inShare With English already mastered, how far can this curiously attractive nation go on the Latin America call center map?
(Part one of two part series) By Jeff Pappas
How many times have you traveled to a tropical paradise and said to yourself, “I am going to move here and open a bar”? Now, tell me how many times you traveled to a tropical paradise and said to yourself, “I am going to move here and open a call center.”Well, Transparent BPO chief executive officer Scott Newman did. While on a cruise that docked in Belize, he noticed that all of the individuals he met (both on the coast and in town) spoke English better than many of his agents in the U.S. Newman realized that Belize could be on the cusp of emerging as the next country to handle the needs of his U.S.-based customers.The business potential he saw in Belize — that little spot on the map just to the right of Guatemala and just below Mexico — was high, possibly higher than either of the bordering (and much larger) Central America countries. But why? Well, first you must keep in mind what U.S. third-party outsourcers require: high-quality, English-speaking labor. Not surprisingly, they require this in large quantities and, more important, with a low price tag.While the U.S. can no longer capitalize on low-cost labor expansion for growth, beyond our borders lies a world full of nations that can. Not only can — but are.
Take the case of El Salvador. For years the Central American nation has been attracting offshore companies such as Sykes and Stream.When the number of bilingual workers was at a minimum in El Salvador, the country reached out to Nicaragua for labor that could speak English fluently and serve U.S. customers. When the Nicaraguans realized that their quality labor was being siphoned by their neighbor, the government focused on developing a call center industry to cease the out-migration. Once Nicaragua started keeping their people, by bringing in companies like Sitel, they too started running out of quality bilingual labor. So Nicaragua reached out to Guatemala, which also had a fair-size labor force that spoke quality English.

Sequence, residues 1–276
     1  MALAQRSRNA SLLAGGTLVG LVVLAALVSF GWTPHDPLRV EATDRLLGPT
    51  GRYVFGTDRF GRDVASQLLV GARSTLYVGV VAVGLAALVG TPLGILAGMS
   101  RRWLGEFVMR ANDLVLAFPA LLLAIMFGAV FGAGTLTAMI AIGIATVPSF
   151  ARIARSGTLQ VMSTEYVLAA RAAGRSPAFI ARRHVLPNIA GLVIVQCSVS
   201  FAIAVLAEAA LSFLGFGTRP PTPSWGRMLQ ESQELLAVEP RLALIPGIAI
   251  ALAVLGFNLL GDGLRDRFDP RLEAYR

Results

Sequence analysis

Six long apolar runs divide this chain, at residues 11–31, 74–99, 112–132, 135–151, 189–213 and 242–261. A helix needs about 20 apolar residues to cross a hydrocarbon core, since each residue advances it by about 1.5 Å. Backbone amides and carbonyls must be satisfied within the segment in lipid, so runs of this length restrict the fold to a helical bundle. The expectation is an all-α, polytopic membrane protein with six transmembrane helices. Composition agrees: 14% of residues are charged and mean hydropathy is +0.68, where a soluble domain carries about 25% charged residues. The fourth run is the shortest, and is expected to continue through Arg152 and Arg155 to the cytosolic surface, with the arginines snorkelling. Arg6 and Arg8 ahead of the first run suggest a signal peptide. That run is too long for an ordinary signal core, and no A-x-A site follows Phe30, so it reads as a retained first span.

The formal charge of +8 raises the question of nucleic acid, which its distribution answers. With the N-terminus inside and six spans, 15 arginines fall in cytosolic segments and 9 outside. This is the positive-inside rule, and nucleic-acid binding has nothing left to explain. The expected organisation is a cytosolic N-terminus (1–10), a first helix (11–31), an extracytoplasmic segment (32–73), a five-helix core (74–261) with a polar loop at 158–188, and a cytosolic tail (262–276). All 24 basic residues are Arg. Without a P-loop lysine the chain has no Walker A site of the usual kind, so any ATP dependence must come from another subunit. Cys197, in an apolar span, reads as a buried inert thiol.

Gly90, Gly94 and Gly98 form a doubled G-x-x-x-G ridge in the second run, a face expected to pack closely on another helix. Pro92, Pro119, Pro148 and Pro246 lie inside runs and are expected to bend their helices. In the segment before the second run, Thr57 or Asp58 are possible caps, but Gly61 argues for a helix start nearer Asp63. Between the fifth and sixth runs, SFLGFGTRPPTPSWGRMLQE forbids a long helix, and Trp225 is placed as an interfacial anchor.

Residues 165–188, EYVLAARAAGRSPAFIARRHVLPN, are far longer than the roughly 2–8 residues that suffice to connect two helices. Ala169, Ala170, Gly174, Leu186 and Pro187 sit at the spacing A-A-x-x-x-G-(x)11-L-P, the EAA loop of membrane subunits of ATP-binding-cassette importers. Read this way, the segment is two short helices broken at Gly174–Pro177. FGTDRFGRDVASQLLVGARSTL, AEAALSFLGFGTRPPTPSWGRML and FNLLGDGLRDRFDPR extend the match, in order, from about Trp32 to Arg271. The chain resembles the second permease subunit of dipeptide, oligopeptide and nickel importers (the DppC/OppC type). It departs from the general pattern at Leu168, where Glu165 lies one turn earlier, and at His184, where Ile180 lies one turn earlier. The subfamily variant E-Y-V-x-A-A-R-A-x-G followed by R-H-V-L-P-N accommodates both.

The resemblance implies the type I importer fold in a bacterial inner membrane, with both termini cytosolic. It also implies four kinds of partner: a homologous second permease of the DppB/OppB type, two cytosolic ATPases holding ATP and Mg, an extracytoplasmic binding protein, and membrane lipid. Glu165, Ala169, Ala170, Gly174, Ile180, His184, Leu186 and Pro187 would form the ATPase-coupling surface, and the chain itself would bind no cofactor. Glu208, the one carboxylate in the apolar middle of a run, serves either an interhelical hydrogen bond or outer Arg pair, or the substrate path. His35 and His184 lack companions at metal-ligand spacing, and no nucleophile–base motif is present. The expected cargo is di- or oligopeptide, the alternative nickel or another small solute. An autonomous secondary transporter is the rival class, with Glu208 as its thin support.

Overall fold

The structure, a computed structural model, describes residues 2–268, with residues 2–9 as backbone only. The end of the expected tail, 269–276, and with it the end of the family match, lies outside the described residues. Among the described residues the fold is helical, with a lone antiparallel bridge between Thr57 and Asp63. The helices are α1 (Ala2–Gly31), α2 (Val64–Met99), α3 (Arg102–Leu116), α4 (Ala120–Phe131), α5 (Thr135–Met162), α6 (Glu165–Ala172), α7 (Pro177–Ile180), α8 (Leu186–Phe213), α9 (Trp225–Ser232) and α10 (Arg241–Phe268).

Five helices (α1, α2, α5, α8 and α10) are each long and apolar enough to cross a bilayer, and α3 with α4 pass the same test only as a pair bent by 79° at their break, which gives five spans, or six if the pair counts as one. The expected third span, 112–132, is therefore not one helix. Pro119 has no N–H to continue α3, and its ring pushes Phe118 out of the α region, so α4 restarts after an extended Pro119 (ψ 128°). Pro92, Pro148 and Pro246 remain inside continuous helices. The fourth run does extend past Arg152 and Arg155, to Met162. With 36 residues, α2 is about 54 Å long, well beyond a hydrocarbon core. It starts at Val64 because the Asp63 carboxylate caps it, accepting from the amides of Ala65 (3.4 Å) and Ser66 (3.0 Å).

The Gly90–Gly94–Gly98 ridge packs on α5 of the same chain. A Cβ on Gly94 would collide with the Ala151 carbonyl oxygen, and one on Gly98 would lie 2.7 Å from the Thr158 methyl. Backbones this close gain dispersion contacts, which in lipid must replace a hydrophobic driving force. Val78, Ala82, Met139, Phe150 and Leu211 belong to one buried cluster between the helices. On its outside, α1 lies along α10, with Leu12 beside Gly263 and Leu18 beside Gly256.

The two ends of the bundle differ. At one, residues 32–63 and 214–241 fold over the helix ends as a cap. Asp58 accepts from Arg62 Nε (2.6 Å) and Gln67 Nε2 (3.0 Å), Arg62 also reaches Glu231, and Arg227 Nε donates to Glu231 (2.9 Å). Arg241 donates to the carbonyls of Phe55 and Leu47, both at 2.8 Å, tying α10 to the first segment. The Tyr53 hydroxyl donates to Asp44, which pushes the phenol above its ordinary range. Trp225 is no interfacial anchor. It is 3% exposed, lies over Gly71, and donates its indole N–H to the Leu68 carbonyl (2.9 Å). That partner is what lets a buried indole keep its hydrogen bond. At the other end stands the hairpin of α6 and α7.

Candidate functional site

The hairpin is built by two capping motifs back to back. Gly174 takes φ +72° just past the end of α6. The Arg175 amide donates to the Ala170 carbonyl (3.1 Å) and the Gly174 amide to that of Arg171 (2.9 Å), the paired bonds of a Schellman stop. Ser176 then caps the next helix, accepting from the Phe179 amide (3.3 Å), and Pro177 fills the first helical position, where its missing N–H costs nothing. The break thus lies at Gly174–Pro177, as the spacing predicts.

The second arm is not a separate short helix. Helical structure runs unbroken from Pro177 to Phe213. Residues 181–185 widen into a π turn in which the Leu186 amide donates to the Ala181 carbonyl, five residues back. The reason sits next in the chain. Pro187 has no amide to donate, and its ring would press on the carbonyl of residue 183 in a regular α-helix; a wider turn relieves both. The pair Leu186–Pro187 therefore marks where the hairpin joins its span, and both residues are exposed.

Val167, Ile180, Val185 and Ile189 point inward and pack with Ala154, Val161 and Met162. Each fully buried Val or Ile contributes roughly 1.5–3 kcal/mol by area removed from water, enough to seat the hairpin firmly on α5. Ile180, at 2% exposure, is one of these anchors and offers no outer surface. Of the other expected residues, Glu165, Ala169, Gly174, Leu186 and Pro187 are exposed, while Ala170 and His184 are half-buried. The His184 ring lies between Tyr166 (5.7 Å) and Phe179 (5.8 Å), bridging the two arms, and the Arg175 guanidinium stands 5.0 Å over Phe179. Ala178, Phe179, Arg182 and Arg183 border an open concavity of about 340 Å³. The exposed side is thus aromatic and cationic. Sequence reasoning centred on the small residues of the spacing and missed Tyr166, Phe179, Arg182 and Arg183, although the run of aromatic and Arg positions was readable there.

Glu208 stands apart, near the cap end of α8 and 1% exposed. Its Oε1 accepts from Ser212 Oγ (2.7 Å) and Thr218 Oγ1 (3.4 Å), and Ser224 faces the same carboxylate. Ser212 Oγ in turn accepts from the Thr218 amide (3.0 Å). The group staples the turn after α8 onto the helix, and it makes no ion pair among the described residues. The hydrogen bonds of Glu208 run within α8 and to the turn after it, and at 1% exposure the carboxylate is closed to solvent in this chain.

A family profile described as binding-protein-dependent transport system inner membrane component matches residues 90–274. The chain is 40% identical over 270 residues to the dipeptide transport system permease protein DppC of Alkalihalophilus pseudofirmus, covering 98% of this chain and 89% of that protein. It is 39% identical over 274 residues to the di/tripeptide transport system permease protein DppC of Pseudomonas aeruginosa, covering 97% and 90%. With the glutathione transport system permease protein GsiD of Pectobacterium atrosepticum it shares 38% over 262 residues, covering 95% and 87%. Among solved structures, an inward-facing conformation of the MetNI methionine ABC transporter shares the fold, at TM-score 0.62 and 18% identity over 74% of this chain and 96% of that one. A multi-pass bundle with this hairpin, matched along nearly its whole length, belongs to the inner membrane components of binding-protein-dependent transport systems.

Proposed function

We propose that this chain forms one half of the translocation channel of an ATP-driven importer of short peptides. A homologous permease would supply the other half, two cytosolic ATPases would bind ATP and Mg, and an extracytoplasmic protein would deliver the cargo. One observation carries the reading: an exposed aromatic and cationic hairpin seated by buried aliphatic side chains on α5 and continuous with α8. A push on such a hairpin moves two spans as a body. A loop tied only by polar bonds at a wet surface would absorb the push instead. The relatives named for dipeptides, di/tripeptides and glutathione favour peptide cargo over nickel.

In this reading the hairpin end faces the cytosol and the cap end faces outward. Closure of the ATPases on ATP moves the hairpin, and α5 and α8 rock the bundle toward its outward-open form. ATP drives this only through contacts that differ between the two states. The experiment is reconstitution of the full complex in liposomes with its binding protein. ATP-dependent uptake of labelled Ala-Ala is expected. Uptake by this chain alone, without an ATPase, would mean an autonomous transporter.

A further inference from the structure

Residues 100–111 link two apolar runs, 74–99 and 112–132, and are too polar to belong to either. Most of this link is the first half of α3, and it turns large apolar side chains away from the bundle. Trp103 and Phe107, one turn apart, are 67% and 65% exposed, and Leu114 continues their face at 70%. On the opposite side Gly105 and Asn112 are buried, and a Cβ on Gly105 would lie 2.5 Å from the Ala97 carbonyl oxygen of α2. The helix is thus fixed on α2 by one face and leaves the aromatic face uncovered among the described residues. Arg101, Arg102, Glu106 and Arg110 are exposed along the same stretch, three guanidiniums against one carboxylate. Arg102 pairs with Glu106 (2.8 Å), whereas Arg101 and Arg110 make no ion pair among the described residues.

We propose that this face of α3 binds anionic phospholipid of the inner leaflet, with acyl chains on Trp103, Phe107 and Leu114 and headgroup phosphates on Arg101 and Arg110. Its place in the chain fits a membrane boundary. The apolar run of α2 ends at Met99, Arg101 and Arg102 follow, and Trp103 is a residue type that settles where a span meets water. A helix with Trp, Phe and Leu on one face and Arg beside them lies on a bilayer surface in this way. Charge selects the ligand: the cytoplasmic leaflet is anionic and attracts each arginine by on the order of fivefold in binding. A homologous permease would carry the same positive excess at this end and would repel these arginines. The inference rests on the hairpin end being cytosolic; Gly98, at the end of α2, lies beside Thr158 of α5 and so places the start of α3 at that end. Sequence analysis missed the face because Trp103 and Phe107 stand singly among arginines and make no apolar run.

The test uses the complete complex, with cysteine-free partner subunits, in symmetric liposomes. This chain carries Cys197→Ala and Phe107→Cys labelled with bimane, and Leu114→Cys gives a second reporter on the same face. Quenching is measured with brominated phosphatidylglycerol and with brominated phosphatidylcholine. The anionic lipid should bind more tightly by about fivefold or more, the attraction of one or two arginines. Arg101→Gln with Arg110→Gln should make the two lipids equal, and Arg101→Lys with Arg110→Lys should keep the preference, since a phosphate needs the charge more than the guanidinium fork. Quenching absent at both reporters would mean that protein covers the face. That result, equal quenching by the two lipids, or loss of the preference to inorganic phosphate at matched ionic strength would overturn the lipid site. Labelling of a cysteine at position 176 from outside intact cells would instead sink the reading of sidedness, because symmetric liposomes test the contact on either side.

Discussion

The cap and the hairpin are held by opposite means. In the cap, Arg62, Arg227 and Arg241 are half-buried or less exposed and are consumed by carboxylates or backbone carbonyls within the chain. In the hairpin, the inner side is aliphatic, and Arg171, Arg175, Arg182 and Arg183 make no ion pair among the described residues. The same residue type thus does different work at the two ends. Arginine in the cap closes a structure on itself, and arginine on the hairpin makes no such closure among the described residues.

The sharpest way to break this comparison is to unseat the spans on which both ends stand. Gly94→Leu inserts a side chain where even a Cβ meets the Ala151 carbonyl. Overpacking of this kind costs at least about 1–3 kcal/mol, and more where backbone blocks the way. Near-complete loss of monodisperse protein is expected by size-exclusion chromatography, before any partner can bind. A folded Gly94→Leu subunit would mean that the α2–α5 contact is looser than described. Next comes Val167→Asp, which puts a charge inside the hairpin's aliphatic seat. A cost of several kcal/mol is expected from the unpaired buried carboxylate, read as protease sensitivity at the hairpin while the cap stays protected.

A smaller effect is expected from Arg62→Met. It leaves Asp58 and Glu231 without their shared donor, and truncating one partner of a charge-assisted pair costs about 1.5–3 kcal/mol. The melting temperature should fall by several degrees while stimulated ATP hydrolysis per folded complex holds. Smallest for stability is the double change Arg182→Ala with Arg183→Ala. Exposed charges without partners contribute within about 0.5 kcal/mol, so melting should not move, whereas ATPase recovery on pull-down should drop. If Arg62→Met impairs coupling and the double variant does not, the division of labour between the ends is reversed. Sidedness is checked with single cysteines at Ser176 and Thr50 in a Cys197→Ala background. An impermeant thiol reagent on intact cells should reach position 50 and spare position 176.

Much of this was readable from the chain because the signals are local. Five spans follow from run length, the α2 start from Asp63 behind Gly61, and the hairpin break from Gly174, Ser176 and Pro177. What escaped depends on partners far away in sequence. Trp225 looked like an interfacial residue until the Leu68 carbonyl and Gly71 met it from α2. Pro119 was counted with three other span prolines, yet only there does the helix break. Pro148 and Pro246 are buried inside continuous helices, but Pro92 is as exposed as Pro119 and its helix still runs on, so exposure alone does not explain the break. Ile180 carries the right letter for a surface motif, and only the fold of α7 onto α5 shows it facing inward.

Well, Guatemala saw opportunity and lured the likes of 24-7 and NCO to add to the already burgeoning local call industry created by GuateCall, BCC, and Transactel. Honduras took note of the potential “domino theory” and began recruiting heavily in the call center market to somehow cure their unemployment ails.
With all these Central American countries having been so successful in attracting outsourcers to increase the employment potential for their citizens, how can Belize hope to be the next in line and even surpass these other countries? Can a country the size of Belize supply and sustain bilingual workers over an extended period of time?